Quantum Key Distribution: Vulnerabilities and Solutions

In quantum technology, a technique called quantum key distribution (QKD) allows two users to safely exchange encryption keys. But for the process to take place it requires fully quantum devices, which are not currently widely available. To ensure efficiency and feasibility of the process, we can implement semi-quantum key distribution (SQKD). It is a technique that combines traditional and quantum resources. However, SQKD comes with notable flaws.

The Key Vulnerability of Semi-Quantum Key Distribution (SQKD)

In quantum cryptography information is encoded in qubits. They are carried by single photons. Hence, weak lasers pose a significant security threat. This vulnerability arises due to the photon-number-splitting (PNS) attack. Here’s an example

  • Imperfect photon emitting sources: Real-world lasers are most likely to produce multiple photon pulses with varying probabilities. Since single photon lasers are not possible with real-world lasers, eavesdropping attackers can stop this chance.
  • Attacking strategy: Using advanced technology, the attackers intercept the signal and divide multi-photon pulses. Their method separates one photon, which contains a portion of the encoded data, while sending the other photons to the authorized recipient.
  • Information leakage: By measuring the stolen photon, attackers can ascertain a part of the key. They can continue this process for many pulses, gathering enough information to break the encryption.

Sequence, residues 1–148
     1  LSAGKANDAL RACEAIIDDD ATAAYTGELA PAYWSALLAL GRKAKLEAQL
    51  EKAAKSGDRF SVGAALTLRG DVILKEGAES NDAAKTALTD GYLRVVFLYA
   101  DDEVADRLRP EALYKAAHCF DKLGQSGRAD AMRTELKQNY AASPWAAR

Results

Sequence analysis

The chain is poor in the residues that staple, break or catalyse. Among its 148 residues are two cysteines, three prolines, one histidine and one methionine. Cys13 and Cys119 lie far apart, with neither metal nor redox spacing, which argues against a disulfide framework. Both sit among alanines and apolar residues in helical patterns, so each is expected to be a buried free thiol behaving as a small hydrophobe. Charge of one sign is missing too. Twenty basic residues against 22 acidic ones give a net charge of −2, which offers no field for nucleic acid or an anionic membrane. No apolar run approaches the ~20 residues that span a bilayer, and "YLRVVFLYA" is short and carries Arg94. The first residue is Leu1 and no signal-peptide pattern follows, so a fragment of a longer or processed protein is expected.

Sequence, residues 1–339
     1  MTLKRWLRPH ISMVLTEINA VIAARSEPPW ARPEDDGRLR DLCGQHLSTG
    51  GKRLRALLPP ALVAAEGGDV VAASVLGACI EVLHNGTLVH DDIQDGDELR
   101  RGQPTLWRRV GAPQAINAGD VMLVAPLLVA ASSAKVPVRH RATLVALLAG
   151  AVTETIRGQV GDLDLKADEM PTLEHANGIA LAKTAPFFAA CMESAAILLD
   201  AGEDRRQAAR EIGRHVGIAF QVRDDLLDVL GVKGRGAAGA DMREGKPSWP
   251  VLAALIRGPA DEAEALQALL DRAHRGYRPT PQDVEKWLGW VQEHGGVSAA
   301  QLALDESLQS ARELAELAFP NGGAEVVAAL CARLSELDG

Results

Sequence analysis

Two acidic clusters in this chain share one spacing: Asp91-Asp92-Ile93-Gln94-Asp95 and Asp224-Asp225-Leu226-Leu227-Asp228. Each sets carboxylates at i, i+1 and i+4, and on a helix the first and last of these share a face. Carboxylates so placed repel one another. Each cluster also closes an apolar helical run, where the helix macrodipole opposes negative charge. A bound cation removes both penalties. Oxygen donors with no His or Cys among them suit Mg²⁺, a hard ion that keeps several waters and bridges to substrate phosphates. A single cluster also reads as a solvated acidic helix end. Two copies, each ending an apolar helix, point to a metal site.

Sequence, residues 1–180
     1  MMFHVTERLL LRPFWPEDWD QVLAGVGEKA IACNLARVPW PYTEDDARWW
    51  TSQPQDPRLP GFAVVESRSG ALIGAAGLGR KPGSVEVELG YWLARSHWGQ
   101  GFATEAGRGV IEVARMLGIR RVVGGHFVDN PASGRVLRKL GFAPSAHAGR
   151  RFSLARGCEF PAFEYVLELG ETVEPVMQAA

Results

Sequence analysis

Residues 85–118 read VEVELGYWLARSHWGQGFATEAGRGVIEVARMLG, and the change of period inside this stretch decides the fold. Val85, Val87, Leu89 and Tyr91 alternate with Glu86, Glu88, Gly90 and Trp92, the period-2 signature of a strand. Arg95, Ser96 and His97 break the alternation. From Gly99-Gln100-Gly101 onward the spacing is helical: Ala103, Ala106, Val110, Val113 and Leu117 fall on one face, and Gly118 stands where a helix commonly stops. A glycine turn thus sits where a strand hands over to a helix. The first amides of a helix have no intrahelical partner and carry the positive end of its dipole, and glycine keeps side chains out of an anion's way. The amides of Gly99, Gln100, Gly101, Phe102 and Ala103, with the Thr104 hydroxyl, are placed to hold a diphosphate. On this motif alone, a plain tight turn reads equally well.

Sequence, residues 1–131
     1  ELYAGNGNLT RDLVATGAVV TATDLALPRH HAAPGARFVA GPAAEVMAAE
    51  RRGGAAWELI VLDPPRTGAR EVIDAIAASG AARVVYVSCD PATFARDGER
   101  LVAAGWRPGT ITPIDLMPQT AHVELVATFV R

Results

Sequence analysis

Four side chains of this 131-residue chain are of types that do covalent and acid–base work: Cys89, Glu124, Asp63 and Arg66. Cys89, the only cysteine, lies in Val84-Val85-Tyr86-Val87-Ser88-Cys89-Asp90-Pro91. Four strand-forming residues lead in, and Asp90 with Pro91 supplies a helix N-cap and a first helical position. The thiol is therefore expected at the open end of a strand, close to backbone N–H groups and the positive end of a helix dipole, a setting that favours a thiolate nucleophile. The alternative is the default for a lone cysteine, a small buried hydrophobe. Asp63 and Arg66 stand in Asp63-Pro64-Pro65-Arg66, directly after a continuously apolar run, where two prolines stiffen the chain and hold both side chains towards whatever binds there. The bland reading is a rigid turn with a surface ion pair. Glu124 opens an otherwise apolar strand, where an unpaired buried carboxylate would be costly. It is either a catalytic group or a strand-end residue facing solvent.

Available Solutions Against SQKD Vulnerability

Compared to known classical security key vulnerabilities, SQKD possess more devastating disadvantages as follows

  • Silent and stealthy: Unlike other attacks, PNS leaves no detectable trace on the transmitted signal, making it particularly insidious.
  • Availability to exploit: Currently available practical quantum key distribution (QKD) systems use weak lases indicating the devastating nature of mass implementation of SQKD.

Experts have proposed a limited number of solutions to address the threat.

  • Decoy state protocols: By sending “decoy” pulses with known photon numbers alongside the actual signal, the sender can statistically detect attacker’s interference and abort the communication if necessary.
  • Single-photon sources: Developing source which can accurately emit single-photons can minimize the prevalence of multi-photon pulses, reducing the attack surface for PNS.

PNS represents a critical challenge in the ongoing quest for secure quantum communication. Understanding its mechanics and implementing effective countermeasures is crucial for realizing the full potential of this revolutionary technology.

Recent Findings on Decoy States

Researchers conducted an experiment to evaluate the safety of SQKD when using a weak laser. They determined that highly attenuated lasers and threshold detectors can still safely utilize the method at a range of 150 km. The findings of the research define the limits of SQKD more accurately ensuring secure key distribution. It can further assist to improve the security measurements of quantum technology.